"All memories and thoughts are the union of emptiness and knowing, the Mind.
Without attachment, self-liberating, like a snake in a knot.
Through the qualities of meditating in that way,
Mental obscurations are purified and the dharmakaya is attained."

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Re: Trungpa - four Karma Yogas?

Postby conebeckham » Tue Apr 23, 2013 3:34 am

Johnny Dangerous wrote:
Thanks, that was very helpful!

Alot of the stuff I have read about Mahamudra, talks alot about self-liberation of thoughts, calming of elaboration and similar..there are similar things in the Chenrezig sadhana I do also.. does this fit into one of these categories - pacifying by this example, or is it a different thing altogether? Is it only a term that is really used in the context of the progression you are talking about?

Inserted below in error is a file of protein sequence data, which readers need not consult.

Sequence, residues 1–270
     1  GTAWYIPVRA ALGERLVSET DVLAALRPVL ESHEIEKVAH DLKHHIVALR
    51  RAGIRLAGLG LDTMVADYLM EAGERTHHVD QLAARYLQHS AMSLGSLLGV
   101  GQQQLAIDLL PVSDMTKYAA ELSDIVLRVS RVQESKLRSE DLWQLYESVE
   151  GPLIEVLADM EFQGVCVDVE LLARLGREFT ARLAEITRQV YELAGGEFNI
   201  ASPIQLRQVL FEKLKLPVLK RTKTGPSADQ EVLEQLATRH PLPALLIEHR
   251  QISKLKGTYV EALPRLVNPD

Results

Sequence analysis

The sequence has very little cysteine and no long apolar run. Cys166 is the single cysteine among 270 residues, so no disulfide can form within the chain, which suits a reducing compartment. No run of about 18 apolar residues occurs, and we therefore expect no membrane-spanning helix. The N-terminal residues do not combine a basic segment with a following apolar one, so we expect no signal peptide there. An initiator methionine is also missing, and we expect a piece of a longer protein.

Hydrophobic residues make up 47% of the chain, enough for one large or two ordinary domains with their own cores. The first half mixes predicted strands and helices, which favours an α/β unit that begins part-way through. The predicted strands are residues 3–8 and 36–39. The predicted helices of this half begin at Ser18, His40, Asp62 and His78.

In a sense, I think that "calming of elaboration" is related to pacification for oneself...ones' own mindstream. Deity yogas, in general, are about one's own condition, initially--transformation of one's own state. But these "Activity Yogas" are about "joining with the action" so to speak, or engaging with the world, AFTER one has transformed one's own state. This is also from the POV of subtle HYT, but subtle dualism nonetheless. At a certain point, however,the "Joining with the action" is nondual--in other words, there's no difference between self and other, so no transformation to be done--that's the Mahamudra state, I think.....that's Virupa stopping the sun, you know? Milarepa, sheltering in a conch shell, while neither shrinking nor causing the Conch shell to get larger????
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Re: Trungpa - four Karma Yogas?

Postby Johnny Dangerous » Tue Apr 23, 2013 5:46 am

Thanks all, some great answers.
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Re: Trungpa - four Karma Yogas?